You know, there are many times when the description you get over the telephone doesn't convey an accurate picture. Maybe the owner doesn't have the scientific vocabulary. Maybe they are in distress about their pet's condition, and they exaggerate. Something that looks terrible to them may not look so bad to me — after all, it just stands to reason that after thirty years as a veterinarian, I will have seen more pet medical problems than they have.
Then there are times when, as weird as it sounds, what the owner says is exactly how it is. Even though it sounds like they must be exaggerating, and you just can't believe it until you see it for yourself, by gosh, that's how it is. One example would be "the horse with a motor stuck in his back". Another would be Shelby. "Her nipples are bigger than my thumb, and she lost her last litter because they couldn't nurse." Than your thumb?! Come on, now.
And here she is, heavily pregnant, with nipples that are pretty doggone big. According to what her owners remember, she was bred 5 or 6 weeks ago, yet she already has an udder full of milk, and how. The milk looks normal, and she seems to feel okay, but if these faucets have three more weeks to grow, it does seem unlikely that the pups will be able to latch on. Most of her last litter were born dead, and the rest died within days, so I suspect there may have been other factors involved (canine herpesvirus, for instance). Still, this is a little unusual… okay, a lot unusual.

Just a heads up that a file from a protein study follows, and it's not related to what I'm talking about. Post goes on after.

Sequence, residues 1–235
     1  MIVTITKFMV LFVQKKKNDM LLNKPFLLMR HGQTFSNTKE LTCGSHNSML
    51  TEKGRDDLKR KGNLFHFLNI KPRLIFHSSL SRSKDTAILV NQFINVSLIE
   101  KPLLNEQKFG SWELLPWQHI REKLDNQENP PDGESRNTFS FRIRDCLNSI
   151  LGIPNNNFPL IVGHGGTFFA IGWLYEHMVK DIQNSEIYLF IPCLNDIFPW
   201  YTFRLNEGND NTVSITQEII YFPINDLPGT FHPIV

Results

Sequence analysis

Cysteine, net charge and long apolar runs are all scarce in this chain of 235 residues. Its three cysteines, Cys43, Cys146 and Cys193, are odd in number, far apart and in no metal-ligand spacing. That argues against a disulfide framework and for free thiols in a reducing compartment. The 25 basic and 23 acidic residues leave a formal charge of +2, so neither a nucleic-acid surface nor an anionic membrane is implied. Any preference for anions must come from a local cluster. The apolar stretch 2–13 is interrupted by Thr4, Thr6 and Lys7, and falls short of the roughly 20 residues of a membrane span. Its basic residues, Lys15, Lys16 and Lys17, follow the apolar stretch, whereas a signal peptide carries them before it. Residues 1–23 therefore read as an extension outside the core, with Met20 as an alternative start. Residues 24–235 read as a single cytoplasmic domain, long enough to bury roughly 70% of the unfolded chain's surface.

When you look at this close-up, it is really hard for a guy not to lapse into some kind of politically incorrect remark. Some of these nipples are 3cm in diameter (my own thumb maxes out at 2cm through the knuckle). They say you can't have too much of a good thing and you've heard the one about Whoops!
The follow-up is one of those good news/bad news things. The breeding date was much earlier, so the puppies showed up much sooner than expected. Thus, her udder didn't get much bigger before she gave birth. She had some complications in late pregnancy and wound up in the hospital (the bad news), but whelped normally the next day (the good news). The other good news is that most of the pups were able to grab on to most of the nipples. Since there are nine of them, the owners will still need to do supplemental feedings (and they would need to even if all the nipples were regulation size — that's a lot of puppies, and mom needs the help). Prognosis is good.